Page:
“Nothing to say except what’s going on being a professional musician. Starvation box. You don’t get nothing. We’re fighting to stay alive.”
The sobering sentiments above are the sole artist’s notes for tenorist Kalaparush McIntyre’s latest CIMP release. The decades since his ascendancy as an AACM leader in the late 1960s haven’t been kind to his financial solvency or physical fitness with street corner busking serving as a principal means of both musical expression and income for at the least the past handful. CIMP has stalwartly stood by him through these lean years, releasing a string of projects showcasing his music, peculiarities and all, over the past decade. Those foibles are in full display onMusical Blessing,too, where the occasional reed squeak, ragged entry or eccentric intonation choice doesn’t always sound intentional. An essay of Coltrane’s “Impressions” is delivered at a fractured and halting crawl.
Above all, McIntyre frequently sounds world-weary and more than a bit insular in his improvisations, the frustrations enunciated in his artistic statement bleeding over into the wounded language expressed through his horn. It’s a discouraging state of affairs the good folks at CIMP are well familiar with as the bulk of their now vast catalog of releases documenting some of finest free jazz musicians still resides in a space removed from the awareness of most jazz listeners. This session dates to nearly three and a half years ago, a long time to be collecting dust in the can.
In contrast, McIntyre’s colleagues on the session don’t sound the least bit disheartened by any of these hard realities. Bassist Michael Logan, a regular McIntyre confrere, joins bassist RaDu Ben Judah (a former Sun Ra sideman) in weaving febrile patterns of cross-hatching lines. Both men take the leader’s idiosyncrasies easily in stride and use the pervading looseness to come up with some risky ventures of their own as on the hard-strumming bass relay that opens “Crossing Zone.”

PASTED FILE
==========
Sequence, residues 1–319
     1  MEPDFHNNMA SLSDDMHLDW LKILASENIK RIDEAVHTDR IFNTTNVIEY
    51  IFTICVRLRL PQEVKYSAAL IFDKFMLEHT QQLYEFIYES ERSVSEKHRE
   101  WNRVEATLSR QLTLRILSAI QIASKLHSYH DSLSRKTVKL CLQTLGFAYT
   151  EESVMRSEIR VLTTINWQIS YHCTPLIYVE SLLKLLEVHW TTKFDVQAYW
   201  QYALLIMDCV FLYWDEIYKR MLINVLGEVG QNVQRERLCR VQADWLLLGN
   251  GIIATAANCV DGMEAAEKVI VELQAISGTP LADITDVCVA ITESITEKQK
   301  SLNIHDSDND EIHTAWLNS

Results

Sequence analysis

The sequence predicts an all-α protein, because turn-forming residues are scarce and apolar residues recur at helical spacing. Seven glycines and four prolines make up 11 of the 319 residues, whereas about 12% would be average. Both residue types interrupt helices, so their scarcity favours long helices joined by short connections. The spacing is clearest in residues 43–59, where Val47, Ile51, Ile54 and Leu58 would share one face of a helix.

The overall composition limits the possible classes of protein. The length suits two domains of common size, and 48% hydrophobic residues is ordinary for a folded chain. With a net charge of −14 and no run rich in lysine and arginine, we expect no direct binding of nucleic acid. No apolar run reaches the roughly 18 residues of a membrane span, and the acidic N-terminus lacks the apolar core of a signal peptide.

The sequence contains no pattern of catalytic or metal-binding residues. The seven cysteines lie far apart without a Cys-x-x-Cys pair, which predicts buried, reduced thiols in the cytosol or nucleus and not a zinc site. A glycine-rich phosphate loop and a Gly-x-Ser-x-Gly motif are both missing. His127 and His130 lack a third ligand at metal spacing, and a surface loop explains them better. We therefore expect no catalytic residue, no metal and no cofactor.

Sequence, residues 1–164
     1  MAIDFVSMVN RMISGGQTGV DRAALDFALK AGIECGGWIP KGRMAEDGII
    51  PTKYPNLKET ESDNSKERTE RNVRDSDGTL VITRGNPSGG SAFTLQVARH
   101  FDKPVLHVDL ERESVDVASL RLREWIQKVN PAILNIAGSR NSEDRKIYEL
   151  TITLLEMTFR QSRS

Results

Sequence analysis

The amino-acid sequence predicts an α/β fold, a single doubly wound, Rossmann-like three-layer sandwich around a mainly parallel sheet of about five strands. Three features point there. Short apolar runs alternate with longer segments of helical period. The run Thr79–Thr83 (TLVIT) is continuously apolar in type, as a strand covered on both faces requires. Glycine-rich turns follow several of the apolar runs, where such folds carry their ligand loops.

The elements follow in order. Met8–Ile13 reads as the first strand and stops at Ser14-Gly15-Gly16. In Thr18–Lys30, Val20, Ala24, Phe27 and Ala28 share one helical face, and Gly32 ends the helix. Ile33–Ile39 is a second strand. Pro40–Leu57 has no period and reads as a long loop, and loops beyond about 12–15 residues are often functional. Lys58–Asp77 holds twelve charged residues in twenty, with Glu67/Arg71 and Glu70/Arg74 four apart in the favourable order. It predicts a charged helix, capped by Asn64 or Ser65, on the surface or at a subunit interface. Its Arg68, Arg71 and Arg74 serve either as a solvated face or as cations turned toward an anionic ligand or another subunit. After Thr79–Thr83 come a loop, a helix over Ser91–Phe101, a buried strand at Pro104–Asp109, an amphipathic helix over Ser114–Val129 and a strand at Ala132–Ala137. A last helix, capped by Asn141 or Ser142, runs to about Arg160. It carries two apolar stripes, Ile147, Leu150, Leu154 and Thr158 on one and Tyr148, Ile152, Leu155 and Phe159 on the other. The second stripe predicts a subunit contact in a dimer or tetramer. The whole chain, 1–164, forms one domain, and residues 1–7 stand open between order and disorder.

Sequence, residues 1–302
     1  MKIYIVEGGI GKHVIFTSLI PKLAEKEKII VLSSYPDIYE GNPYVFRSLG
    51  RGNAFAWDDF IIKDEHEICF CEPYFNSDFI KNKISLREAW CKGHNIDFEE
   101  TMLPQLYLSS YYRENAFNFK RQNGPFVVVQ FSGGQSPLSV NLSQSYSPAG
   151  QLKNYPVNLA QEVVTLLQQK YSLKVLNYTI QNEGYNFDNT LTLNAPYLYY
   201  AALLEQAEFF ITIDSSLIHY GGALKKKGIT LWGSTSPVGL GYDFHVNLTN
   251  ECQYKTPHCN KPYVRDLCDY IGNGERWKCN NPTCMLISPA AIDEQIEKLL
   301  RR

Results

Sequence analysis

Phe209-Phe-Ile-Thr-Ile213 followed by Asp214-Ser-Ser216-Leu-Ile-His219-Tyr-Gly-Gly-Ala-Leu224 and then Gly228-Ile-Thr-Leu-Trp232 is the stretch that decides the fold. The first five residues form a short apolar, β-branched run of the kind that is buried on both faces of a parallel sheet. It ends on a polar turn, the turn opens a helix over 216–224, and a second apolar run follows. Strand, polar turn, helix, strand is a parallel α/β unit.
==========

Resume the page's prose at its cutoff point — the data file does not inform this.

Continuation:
Drummer Warren Smith has experienced some similar ups and downs in his over half-century behind the kit. His ace percussion skills are an asset from the outset and the CIMP standard of naked, no compression recording brings his polyrhythms into bold relief. Referencing McIntyre and Smith’s Chicago roots “Southside Loop” gives the bassists a break and allows the drummer to converse musically and verbally with his old friend. It quickly becomes a beautiful example of one improviser honoring and enhancing the work of another.
McIntyre may not be the player he was in his prime, but like past loft jazz lions-in-winter (Frank Lowe in particular springs to mind) a depth of feeling projects from his singular serpentine phrasing that almost seems enhanced by the situationally-compromised facets of his musical toolbox. It’s especially true on the closing largely-solo rendering of “The Very Thought of You.” Listening through and past the irregularities that litter his phrasing, there’s an artist of obvious integrity and worth still wholly dedicated to putting his personal message out.[Postscript: Kalaparush passed away on November 9, his financial and professional positioning not much removed from the status quo described in the quote that leads this piece. As a final artistic statement he might have wished for better, but the candor and poignancy suffusing this record still gets the job done.]